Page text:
2002 – Permanent Records
Alternative/ Grunge/ Rock/ Punk
Five tracks, wild energy, bad vocals, terrible production values. This little EP has everything you want when you’re looking for something opposed to everything the pop well tells you makes a good album. Kicking off with Loose one can instantly hear the low-fi aesthetic at work on this release. The guitars are a wall of fuzz with the occasional melodic moment, the drums pound and crash with more though towards loudness than accuracy, and the vocals are barely audible as they wail through their simple progressions.
Things do get somewhat cleaned up by the time we hit track two, but still there’s a omnipresent sense of grunginess that won’t go away, and you just don’t want it to. I Wanna Rock is really just a pop song… played very badly and with lyrics that make you cringe, but that is exactly where the charm of this EP lies. It’s approximation and DIY feel are wonderfully powerful in how much they don’t give a fuck. It has the same appeal as they early recordings by The Ramones, when they still hadn’t work out that they weren’t just playing bubble-gum sixties pop, but what The Kt26ers have over The Ramones is that their lyrical talents make it abundantly clear that these boys know exactly what they’re doing.
There is some kind of postmodern pastiche at work here in the way the band shamelessly rip off The Pixies and Nirvana, but there is also a dumb innocence in the way the vocalist jumps between a forced whine and rage-filled screech. And it is in this juxtaposition of well honed intellectualism and dumb-punk nonsense that makes this record … well, jusy so much darned fun. It’s the perfect thing to thrown into the player, turn up as loud as is humanly possible and just jump around drumming on whatever you find with whatever else you find. It’s no piece of musical or poetic genius, and it certainly does break any established musical moulds (it comes a bit late to really fit into to grunge revolution of the late eighties), but that really doesn’t matter. They do grunge loud and fast, and they do it well.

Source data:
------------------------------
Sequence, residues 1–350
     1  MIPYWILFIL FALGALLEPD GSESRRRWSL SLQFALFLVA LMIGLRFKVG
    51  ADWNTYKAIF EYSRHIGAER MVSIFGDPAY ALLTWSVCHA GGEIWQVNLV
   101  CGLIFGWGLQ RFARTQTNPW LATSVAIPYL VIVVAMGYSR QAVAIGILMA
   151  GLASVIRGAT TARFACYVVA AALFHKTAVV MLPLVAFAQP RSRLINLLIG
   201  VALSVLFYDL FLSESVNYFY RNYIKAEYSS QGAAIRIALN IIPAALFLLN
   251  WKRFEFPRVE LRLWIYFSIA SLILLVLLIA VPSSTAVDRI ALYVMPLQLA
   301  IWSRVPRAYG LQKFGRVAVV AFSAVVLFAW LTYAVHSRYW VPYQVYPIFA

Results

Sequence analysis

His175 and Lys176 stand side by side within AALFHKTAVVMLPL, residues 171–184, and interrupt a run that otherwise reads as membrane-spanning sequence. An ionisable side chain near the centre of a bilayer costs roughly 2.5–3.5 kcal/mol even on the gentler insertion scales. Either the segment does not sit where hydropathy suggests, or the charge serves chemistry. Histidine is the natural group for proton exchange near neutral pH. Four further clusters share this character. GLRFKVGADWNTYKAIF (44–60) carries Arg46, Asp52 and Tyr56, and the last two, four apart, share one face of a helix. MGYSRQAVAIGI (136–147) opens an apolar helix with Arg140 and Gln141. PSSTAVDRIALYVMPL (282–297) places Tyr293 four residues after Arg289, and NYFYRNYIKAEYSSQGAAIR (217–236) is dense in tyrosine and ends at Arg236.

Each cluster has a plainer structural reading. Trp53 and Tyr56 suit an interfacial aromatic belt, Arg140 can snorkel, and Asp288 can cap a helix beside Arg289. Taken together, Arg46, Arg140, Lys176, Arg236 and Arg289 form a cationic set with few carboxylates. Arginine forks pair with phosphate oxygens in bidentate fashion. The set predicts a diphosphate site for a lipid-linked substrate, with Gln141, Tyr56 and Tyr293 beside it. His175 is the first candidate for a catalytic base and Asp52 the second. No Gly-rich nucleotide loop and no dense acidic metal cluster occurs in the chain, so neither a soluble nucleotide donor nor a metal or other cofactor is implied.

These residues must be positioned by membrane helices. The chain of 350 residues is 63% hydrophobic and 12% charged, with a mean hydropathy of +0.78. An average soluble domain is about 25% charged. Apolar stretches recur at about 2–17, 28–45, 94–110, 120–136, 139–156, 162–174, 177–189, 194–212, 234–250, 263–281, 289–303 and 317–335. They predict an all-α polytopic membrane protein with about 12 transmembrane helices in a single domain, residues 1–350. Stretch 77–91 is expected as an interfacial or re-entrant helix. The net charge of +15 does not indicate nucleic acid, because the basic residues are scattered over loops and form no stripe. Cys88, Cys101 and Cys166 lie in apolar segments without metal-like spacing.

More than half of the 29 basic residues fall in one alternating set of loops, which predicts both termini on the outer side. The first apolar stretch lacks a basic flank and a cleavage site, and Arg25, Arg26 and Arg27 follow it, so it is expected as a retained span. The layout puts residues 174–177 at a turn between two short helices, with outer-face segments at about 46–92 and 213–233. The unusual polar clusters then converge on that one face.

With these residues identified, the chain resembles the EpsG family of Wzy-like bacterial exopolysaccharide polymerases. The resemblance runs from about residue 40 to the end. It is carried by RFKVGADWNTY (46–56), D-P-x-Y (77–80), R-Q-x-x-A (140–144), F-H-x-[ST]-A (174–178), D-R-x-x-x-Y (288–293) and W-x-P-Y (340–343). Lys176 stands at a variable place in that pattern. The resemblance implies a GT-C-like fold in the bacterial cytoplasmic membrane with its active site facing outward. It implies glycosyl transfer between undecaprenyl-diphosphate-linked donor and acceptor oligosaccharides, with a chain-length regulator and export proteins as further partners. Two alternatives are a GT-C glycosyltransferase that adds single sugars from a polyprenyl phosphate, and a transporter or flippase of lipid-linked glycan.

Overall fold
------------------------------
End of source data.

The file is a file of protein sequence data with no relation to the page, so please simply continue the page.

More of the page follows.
Like many EPs that I have a profound fondness for, however, I must say that five tracks is far too short to really get a good feel for what the group can do. There’s nothing even approaching a slow song on this release, and, while that’s not necessarily a bad thing as I don’t think they’re quite up to the challenge, it would have been nice to hear the full extent of their musical range. I mean, thrashing out a couple of tracks is brilliant, but it doesn’t really give me any kind of insight into what the band is all about. This is, of course, not helped at all by the fact that I can barely make out any of the lyrics.
Overall, however, I’ve got to say that this self-titled release is one of the most exciting records I’ve heard come out of Brisbane from that period. Yes, there have been more exciting things before and since, but in the early 2000s not a lot seemed to be happening that was this unselfconsciously energetic. It is for this reason that I highly recommend attempting to get your hands on a copy. I imagine it’s going to be pretty difficult, as it was the only thing the band ever put on CD before disbanding in 2004 and I have a feeling that it didn’t make it very far outside of the home town, but nevertheless, if you can find a copy, hold tightly onto it. I promise, it won’t disappoint.
And here’s one of the great tracks from the EP, I Wanna Rock.